Former Ocoee Police Chief Saima Plasencia claims termination came from coordinated effort following grievance

At the Dec. 5 Ocoee City Commission meeting, the former police chief made a public comment asking the commission to reconsider her termination because she was not afforded proper due process.

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During the Dec. 5 Ocoee City Commission meeting, recently terminated Ocoee Police Chief Saima Plasencia claimed her dismissal was the result of a "coordinated effort" that came after she filed a grievance to her immediate supervisor, longtime city manager Robert Frank. 

Although Frank was never mentioned by name, Plasencia consistently referred to her immediate supervisor and manager, who according to the city's personnel rules and regulations document, is the city manager.

Beyond the claims she made of both personal and professional attacks, Plasencia urged the commission to reconsider her termination.

"As stated in the P.R.R. in the case of termination of their employment, they shall be provided due process for regular full-time at-will employees," Plasencia said in a presentation to the commissioners during the public comment section of the meeting. "(Because) I was afforded no due process, I implore you to reconsider my dismissal and determine what due process rights I'm entitled to." 

According to section 1.02.D.1.B of the P.R.R. Plasencia is entitled to due process, "in accordance with applicable law."

During her presentation, the former police chief claimed she was informed of her termination Nov. 17 via a letter.

Frank said to media members following the meeting that he would not be commenting on personnel decisions. According to Section 1 of the P.R.R., the police chief serves at the pleasure of the city manager, so the decision to terminate Plasencia is within his powers.

In Plasencia's presentation, her claims of a coordinated effort to terminate her from the police chief position came after she filed a grievance about an unnamed person she refers to as a friend of the city manager. 

"On Sept. 20, 2023, I informed the manager about the series of negative conversations which involved parties external to the department," Plasencia said. "I requested his relief and guidance as it was damaging to me and the department. This was the first time I made a grievance, and there was no plausible deniability, as I had external parties as witnesses. It appears my grievance was met with blindness as it was after my request for relief, (that) this action was taken against me.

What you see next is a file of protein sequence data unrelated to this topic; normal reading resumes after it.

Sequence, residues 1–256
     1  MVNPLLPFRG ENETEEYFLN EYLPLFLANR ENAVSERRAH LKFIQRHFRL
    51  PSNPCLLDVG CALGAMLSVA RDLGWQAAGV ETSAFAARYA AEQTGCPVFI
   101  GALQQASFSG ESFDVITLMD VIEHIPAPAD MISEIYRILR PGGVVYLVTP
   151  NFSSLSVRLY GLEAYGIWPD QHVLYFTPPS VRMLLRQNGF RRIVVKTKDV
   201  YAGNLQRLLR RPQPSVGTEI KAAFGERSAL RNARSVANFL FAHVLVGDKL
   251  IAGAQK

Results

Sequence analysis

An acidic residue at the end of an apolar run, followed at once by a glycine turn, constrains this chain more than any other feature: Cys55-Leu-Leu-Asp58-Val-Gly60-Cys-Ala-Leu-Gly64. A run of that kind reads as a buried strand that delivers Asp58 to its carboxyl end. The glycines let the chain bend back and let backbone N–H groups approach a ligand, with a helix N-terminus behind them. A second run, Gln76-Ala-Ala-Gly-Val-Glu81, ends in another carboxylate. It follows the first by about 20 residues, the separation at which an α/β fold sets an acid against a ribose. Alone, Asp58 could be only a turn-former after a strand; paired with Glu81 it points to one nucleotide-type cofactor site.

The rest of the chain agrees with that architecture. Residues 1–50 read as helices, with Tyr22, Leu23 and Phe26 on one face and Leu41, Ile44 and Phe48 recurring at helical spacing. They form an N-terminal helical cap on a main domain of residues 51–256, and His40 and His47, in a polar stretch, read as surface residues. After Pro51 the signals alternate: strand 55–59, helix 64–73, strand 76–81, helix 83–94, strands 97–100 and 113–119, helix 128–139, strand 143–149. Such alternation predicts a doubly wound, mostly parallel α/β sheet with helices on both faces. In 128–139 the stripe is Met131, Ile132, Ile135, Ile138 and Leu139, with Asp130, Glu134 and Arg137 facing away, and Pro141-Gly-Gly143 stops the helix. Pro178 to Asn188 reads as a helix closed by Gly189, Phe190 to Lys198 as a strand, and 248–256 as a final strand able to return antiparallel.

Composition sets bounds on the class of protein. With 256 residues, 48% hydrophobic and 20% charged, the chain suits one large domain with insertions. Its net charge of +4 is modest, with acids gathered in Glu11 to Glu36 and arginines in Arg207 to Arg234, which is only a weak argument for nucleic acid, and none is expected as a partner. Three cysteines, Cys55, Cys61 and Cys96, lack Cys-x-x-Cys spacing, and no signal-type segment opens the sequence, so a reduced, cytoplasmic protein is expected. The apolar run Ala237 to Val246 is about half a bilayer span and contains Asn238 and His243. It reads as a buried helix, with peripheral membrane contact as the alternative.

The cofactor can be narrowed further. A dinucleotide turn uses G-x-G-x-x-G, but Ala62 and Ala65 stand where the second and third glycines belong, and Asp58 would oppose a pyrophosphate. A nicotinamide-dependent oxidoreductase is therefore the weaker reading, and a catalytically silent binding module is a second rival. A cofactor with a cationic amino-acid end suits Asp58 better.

"I believe my one and only request for relief from this behavior led to the action taken against me," she said. "I've also tried to rise above these continued attacks out of fear of his (unnamed person) relationship with the manager. ... Never before in 37 years of service have I been treated with such disrespect by an immediate supervisor. I never spoke with the manager after that date, although I did make attempts to do so with no response, which was not uncommon behavior to me."

Plasencia served as Ocoee Police chief since May 2021.

The Orange Observer attempted to contact both Plasencia and Frank for comment and inquire about the identity of the unnamed person Plasencia is referring to. Neither returned messages.

Following Plasencia's presentation, no member of the commission immediately spoke on the former chief's comments. Ocoee District 1 Commissioner Scott Kennedy was the only commissioner to mention Plasencia's presentation during the meeting. 

"Commissioners are not supposed to be involved in personnel decisions, and that's where I'm personally leaving it," he said. "So, I just wanted to give that explanation. I have no comment and will have no comment about that."

You can watch the entirety of Plasencia's presentation and the commission meeting on the city's website:

This is an ongoing story and will be updated.



Sam Albuquerque

A native of João Pessoa, Brazil, Sam Albuquerque moved in 1997 to Central Florida as a kid. After earning a communications degree in 2016 from the University of Central Florida, he started his career covering sports as a producer for a local radio station, ESPN 580 Orlando. He went on to earn a master’s degree in editorial journalism from Northwestern University, before moving to South Carolina to cover local sports for the USA Today Network’s Spartanburg Herald-Journal. When he’s not working, you can find him spending time with his lovely wife, Sarah, newborn son, Noah, and dog named Skulí.

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